Ulrich Pöschl and colleagues, Max Planck Institute for Chemistry (MPIC), Mainz, Germany, have developed a ventilation system made from hardware-store parts to make classrooms safer during the coronavirus pandemic. The ventilation system was developed to be suitable for DIY building and easy replication, and the blueprint was published free-to-view on the internet along with studies. The MPIC window ventilation system was designed, built, and tested in collaboration with several pilot schools. Data proving the high effectiveness of the ventilation system was scientifically collected and evaluated.
The system collects stale air directly above people before it can disperse into the room, transports it to the outside through a window, and replaces it with fresh air that flows in through another window. The natural convective, i.e., upward, flow of warm air is used for this purpose. This is created by the people themselves, as their body temperature is higher than the room temperature. Together with the exhaled air, CO2 as well as aerosols that could contain bacteria or viruses are also carried upwards. Once it reaches the ventilation system, the stale air is extracted in a targeted manner, as in the case of an extractor hood in the kitchen, and is led outside via a pipe system.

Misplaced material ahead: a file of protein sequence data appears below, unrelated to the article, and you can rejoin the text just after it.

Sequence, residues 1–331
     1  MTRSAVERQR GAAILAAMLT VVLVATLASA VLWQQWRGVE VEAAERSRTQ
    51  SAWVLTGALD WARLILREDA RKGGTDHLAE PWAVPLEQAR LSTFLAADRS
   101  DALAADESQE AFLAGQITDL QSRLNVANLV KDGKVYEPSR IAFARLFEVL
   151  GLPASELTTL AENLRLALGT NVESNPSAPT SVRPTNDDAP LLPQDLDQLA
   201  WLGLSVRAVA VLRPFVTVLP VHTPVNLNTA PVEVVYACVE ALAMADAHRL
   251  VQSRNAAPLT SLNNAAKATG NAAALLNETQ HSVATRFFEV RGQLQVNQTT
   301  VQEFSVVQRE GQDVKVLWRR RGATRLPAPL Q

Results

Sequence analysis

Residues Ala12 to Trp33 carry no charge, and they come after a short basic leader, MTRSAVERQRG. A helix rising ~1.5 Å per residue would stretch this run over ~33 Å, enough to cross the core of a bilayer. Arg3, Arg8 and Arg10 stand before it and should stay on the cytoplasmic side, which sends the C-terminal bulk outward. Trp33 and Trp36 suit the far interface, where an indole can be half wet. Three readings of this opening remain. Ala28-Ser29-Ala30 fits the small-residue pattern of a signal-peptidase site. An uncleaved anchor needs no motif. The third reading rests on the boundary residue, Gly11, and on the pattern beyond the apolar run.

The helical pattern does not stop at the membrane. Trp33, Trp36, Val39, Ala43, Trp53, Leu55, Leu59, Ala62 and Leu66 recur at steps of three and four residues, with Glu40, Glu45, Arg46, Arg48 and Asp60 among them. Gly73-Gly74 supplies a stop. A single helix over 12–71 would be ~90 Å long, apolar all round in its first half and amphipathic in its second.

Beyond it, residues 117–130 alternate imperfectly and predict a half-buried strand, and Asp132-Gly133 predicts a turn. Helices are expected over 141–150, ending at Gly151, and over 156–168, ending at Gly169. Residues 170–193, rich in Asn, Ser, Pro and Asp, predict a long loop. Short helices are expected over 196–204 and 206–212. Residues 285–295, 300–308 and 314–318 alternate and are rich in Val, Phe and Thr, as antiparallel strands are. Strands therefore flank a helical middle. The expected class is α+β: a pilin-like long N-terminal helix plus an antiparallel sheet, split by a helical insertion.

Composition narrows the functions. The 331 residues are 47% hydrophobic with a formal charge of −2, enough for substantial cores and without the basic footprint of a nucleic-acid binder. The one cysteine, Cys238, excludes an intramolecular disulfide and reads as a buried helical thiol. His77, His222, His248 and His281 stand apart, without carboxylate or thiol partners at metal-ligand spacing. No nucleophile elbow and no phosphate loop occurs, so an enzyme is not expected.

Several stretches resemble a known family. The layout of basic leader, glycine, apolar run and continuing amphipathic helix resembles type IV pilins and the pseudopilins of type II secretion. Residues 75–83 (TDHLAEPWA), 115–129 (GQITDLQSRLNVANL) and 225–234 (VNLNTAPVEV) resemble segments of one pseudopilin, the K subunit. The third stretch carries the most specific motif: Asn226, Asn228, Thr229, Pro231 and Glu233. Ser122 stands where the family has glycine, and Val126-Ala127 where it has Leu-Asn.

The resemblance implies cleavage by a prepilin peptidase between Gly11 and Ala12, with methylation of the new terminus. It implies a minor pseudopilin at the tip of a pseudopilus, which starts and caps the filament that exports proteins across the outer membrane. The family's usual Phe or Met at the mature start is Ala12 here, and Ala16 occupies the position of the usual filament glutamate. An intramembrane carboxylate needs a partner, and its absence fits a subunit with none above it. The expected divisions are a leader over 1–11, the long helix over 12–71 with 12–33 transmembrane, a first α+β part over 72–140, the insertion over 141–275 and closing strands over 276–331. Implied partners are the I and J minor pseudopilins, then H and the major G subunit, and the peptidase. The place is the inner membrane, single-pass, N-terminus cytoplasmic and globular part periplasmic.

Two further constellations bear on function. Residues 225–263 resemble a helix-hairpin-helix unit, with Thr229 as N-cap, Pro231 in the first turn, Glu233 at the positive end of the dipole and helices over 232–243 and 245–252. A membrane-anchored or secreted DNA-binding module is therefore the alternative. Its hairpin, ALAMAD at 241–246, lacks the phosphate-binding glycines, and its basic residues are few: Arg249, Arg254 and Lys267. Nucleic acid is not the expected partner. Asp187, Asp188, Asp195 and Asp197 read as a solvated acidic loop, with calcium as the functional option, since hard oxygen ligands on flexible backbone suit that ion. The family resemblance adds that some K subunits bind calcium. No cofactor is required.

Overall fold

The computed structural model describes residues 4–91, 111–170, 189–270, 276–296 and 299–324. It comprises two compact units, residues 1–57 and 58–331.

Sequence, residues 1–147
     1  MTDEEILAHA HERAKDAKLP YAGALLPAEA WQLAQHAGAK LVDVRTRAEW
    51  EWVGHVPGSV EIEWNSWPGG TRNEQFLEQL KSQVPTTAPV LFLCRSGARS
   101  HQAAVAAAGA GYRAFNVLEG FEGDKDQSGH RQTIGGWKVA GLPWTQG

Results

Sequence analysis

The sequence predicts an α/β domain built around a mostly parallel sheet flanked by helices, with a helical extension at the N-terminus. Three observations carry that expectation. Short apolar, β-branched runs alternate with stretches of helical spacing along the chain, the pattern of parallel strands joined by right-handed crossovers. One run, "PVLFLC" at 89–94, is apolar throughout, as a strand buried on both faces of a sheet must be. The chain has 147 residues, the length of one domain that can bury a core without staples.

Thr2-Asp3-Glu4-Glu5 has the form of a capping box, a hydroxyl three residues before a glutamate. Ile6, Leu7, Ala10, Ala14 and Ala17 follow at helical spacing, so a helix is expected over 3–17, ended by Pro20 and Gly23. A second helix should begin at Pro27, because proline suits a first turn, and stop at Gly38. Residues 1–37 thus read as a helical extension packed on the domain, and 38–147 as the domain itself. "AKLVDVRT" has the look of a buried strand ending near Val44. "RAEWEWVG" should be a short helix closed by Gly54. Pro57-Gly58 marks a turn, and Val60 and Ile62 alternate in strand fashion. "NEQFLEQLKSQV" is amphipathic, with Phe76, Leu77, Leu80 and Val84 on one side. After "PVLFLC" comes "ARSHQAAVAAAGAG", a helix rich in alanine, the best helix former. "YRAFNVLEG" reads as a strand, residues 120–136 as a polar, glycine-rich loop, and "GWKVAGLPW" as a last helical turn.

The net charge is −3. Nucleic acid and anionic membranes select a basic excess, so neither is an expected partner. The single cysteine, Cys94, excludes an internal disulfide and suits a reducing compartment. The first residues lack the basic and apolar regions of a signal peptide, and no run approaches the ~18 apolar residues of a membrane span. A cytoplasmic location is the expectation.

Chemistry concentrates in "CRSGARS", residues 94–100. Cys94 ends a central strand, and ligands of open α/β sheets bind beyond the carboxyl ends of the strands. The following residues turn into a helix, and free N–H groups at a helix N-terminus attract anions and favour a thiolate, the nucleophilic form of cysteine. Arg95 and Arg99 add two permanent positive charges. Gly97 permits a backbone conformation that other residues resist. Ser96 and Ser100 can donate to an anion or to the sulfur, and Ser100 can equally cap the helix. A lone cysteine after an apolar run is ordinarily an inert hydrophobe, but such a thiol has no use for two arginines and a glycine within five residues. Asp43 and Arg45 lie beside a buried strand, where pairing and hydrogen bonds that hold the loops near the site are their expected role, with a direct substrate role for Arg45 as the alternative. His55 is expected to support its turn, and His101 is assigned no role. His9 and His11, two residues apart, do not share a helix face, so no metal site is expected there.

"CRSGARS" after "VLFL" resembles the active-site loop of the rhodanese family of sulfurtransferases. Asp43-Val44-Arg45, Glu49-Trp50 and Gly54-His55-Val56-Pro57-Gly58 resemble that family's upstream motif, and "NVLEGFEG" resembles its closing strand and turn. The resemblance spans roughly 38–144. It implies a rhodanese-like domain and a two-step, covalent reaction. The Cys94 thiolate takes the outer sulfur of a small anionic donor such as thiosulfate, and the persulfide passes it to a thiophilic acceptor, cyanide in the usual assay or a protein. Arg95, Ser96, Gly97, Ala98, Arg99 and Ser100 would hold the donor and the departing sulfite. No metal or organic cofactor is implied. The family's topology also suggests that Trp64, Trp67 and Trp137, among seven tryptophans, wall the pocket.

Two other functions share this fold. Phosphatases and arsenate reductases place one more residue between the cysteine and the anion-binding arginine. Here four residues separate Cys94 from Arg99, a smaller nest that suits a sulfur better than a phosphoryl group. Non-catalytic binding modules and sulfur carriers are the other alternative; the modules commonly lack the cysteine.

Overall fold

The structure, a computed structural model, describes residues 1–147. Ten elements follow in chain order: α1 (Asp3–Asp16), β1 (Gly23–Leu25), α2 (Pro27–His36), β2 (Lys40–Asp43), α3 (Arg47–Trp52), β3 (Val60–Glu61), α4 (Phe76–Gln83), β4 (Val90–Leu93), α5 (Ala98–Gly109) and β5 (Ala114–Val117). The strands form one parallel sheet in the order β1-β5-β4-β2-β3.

The team was able to show that the window ventilation with a simple exhaust fan is similarly effective to various air filtration and disinfection devices. In addition, the system increases the overall air quality in the room, as opposed to filtering devices that recirculate air.
In the city of Mainz, window ventilation systems based on the MPIC model have already been installed and successfully commissioned in over 600 elementary and secondary school classrooms. Similar initiatives have taken place in Kaiserslautern, Pirmasens, and elsewhere in Germany, as well as in other countries.
The advantages of the MPIC window ventilation system include low cost and low weight, high airflow and the efficient direct extraction of respiratory aerosols, quiet operation, hardly any pressure differences with adjacent rooms, and low energy consumption. By using transparent materials, a darkening of the rooms is also avoided, and in winter there is no massive cooling of the classrooms.
- “Wir wollten etwas lernen” – Interview mit Ulrich Pöschl (in German),
Nachr. Chem. 2022.
- Instructions (in German): https://www.ventilation-mainz.de/